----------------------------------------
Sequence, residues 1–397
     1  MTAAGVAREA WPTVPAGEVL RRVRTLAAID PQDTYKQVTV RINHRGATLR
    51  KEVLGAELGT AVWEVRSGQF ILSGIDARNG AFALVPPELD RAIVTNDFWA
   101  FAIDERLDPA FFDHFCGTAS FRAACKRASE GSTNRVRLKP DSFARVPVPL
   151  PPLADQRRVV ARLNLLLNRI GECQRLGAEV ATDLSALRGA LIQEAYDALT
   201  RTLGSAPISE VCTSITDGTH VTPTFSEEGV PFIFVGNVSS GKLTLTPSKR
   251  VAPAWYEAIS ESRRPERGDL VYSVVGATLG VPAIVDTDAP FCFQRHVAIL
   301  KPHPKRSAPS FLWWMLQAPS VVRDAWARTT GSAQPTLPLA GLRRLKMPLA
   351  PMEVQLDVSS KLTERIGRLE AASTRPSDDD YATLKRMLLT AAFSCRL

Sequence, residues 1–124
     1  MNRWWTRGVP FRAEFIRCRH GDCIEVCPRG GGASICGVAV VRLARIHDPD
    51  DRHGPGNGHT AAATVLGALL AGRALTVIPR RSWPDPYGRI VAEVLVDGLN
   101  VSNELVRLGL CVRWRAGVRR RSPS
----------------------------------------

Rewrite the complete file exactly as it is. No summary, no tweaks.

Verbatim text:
Sequence, residues 1–397
     1  MTAAGVAREA WPTVPAGEVL RRVRTLAAID PQDTYKQVTV RINHRGATLR
    51  KEVLGAELGT AVWEVRSGQF ILSGIDARNG AFALVPPELD RAIVTNDFWA
   101  FAIDERLDPA FFDHFCGTAS FRAACKRASE GSTNRVRLKP DSFARVPVPL
   151  PPLADQRRVV ARLNLLLNRI GECQRLGAEV ATDLSALRGA LIQEAYDALT
   201  RTLGSAPISE VCTSITDGTH VTPTFSEEGV PFIFVGNVSS GKLTLTPSKR
   251  VAPAWYEAIS ESRRPERGDL VYSVVGATLG VPAIVDTDAP FCFQRHVAIL
   301  KPHPKRSAPS FLWWMLQAPS VVRDAWARTT GSAQPTLPLA GLRRLKMPLA
   351  PMEVQLDVSS KLTERIGRLE AASTRPSDDD YATLKRMLLT AAFSCRL

Sequence, residues 1–124
     1  MNRWWTRGVP FRAEFIRCRH GDCIEVCPRG GGASICGVAV VRLARIHDPD
    51  DRHGPGNGHT AAATVLGALL AGRALTVIPR RSWPDPYGRI VAEVLVDGLN
   101  VSNELVRLGL CVRWRAGVRR RSPS